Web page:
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It’s the “Golden Age of Chocolate” with Sunnyvale Community Players’ “Willy Wonka Jr.”

From July 14-23, the Sunnyvale Community Players (SCP) is showing Roald Dahl’s “Willy Wonka Jr.” at the Sunnyvale Community Theatre. This production has a small cast of 14 actors and dancers. At the July 13 dress rehearsal, many of these cast members, ages 8 and up, skillfully pulled off playing more than one character. The show offers comedic moments and depicts the value of familial bonds in the life of the young protagonist, Charlie (Coco LaMarche).

This particular production is connected to the SCP Summer Spotlight Program, a five-year old mentorship program that allows kids from ages 12-18 to take on creative and staff roles in a show.

“We have an assistant director, a vocal director, a stage manager, a set designer, a costume designer, and a lighting designer who are all high school students,” said Katie Elder, Show Co-Producer.


Spoiler ahead.

“‘Willy Wonka Jr.’ tells a story about a man trying to find a successor for his chocolate factory,” Elder said. “Just like Willy Wonka finds Charlie as his successor to the factory, we have teenagers filling the adult staff’s roles here.”

Santa Clara resident Jiesselle Taganas, 15, is an Assistant Stage Manager. Taganas has usually been onstage as a cast member with SCP. Participating in the mentorship program has given her a chance to see the other side of a theatrical production for the first time.

“My job is to ‘call the show’ which is to give orders to the crew,” Taganas said. “I have a headset that connects to all the crew. I basically tell the crew when to place the light cues or change the set onstage.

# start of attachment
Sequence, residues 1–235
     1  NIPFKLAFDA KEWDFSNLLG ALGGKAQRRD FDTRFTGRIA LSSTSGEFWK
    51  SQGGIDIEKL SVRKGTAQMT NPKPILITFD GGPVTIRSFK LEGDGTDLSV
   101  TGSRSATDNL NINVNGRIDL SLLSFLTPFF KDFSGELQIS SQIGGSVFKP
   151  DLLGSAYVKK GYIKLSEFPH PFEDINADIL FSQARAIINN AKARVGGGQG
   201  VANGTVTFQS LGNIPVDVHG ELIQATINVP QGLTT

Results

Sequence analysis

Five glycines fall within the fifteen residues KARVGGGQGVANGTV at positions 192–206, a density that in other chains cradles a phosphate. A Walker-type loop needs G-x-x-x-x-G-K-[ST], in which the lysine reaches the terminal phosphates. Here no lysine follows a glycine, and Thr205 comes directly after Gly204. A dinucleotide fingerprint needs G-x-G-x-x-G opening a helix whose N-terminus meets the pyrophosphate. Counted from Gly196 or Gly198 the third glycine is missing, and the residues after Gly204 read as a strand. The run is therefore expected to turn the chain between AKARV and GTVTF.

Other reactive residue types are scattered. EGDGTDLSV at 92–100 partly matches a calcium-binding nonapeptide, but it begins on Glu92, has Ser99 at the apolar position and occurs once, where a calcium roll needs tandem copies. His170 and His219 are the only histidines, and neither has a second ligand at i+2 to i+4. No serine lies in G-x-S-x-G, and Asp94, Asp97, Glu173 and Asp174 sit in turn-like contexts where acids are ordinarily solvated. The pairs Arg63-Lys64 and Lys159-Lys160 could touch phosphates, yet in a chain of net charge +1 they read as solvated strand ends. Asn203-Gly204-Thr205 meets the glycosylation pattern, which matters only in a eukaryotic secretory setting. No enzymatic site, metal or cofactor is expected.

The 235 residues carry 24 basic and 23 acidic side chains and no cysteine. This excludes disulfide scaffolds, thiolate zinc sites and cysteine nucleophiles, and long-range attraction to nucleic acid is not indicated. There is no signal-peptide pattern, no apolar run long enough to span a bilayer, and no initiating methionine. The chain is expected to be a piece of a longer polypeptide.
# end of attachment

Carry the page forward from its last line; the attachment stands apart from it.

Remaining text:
“I also made a couple of props for the set; other people and I made the lollipops for ‘The Candyman’ song,” Taganas continued. “In one scene, Grandpa Joe and Charlie start floating. That’s hard to portray on a stage but we had a cool take on it. There are these stair platforms that the actors climb up and we have a board from the sky lowering down to show the room shrinking. I supervise this stunt. We’ve also helped the actress who plays Violet try on the blow up suit. The suit blows up as she sings her song.”

Not only does the mentorship program offer a hands-on learning opportunity for adolescent fans of theater, such as Taganas, younger cast members can take on bigger roles when the older kids are working behind-the-scenes in the production.

“We have an eight-year-old in a speaking role; she’s one of the five main kids who gets to go to Willy Wonka’s factory,” Elder said. “Our oldest participants are not onstage. The summer program opens up more characters for our younger participants to play. This summer is the first chance for some of the younger kids to have their first speaking role or solo.”

Visit to purchase tickets for the show.


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